Author Archives: openbookpublishers


Open Access Around the World: Tracking Our Books Using Online Statistics

At Open Book Publishers, openness is at the heart of everything we do (the clue is in the name!) Recently, we’ve been working on how to present more data about our books on our website, in a more visually attractive way. We want to know as much as we can about how many times our books have been downloaded and accessed, and where in the world they’re being read – and we want you to be able to see this information too. It’s all part of our mission to make the case for Open Access by showing the reach a book can have when it’s made freely available online for everyone to read. Continue reading


Expect the Unexpected

Underlying my contributions to Information and Empire is academic work extending back several decades over much of my academic career (with many breaks for other projects). I have had the satisfaction of seeing conclusions based on imperfect evidence confirmed by the work of colleagues (notably Ingrid Maier and Stepan Shamin), who have taken the analysis to new levels. The process also has taught me to expect the unexpected and to confront complexities whose resolution may never be within our grasp.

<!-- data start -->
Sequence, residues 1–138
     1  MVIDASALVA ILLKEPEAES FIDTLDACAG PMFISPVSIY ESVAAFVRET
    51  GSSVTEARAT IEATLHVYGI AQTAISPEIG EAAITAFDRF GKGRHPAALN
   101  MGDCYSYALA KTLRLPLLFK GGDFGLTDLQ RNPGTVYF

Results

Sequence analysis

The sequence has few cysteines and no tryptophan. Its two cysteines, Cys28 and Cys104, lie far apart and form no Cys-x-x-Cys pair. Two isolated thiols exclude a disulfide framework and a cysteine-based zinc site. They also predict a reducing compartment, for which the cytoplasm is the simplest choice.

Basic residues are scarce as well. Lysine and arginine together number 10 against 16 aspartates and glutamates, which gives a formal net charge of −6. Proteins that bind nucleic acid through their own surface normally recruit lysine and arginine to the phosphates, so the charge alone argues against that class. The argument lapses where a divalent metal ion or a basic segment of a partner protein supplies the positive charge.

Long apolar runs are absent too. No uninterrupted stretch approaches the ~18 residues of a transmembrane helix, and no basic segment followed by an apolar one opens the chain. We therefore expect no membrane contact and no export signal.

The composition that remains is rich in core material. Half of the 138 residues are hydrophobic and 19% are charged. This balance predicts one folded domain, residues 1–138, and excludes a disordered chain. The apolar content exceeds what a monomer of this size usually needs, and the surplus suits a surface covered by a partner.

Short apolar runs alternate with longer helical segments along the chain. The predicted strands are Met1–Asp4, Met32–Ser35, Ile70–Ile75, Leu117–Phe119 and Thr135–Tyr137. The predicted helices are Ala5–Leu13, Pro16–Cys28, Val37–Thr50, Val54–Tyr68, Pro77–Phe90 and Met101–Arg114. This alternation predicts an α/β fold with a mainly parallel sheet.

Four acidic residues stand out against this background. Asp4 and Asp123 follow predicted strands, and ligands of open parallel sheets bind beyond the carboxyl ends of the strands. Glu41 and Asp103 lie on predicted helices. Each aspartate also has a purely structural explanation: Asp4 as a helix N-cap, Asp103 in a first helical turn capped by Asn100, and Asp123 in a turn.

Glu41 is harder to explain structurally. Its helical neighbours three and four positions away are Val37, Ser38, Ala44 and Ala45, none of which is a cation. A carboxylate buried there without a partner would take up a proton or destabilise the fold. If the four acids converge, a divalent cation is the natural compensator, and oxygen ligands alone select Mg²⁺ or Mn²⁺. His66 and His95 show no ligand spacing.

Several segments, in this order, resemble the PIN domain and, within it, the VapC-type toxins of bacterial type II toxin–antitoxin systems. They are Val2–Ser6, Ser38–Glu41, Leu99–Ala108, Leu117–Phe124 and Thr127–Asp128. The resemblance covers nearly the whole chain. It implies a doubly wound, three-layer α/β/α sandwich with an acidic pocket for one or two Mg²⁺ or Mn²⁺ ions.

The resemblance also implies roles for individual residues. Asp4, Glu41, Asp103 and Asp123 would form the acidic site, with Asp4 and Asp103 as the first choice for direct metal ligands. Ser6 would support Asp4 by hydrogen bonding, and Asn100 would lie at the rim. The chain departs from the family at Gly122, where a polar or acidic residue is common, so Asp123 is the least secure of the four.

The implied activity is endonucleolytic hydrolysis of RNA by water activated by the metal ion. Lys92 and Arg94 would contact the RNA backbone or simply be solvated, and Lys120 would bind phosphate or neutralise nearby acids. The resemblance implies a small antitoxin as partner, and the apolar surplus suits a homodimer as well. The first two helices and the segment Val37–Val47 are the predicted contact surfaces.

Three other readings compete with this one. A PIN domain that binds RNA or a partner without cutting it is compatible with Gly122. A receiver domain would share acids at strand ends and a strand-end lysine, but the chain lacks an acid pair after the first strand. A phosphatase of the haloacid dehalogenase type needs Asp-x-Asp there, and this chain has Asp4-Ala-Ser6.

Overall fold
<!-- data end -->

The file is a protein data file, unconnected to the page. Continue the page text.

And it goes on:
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Of Roots and Scrolls

How the Bible, Witchcraft, and Botany Were Brought Together By Bureaucracy In A Completely Everyday Fashion That Was Totally Normal At The Time, No, Really, Stay With Me On This One You Guys.

Because I can explain. This is the story of an institution both entirely unique and completely typical, and of its documents, which were also weird and wonderful whilst being simultaneously humdrum and mundane. This is the story of the Apothecary Chancery. Across the seventeenth century, an official institution housed in an unassuming building next to the Moscow Kremlin was home to a small group of foreign medical practitioners (immigrants – they get the job done), and a smaller group of Russian bureaucrats, who did various things with their day, among which was to read things, talk about things, and write things down. That last part happened in a normal way for their surroundings, that is to say they were written in Russian, and on scrolls. This was how all official documents were created, circulated, and joined together into long threads around the entire empire, whether about the rise and fall of nations, or the delivery of firewood.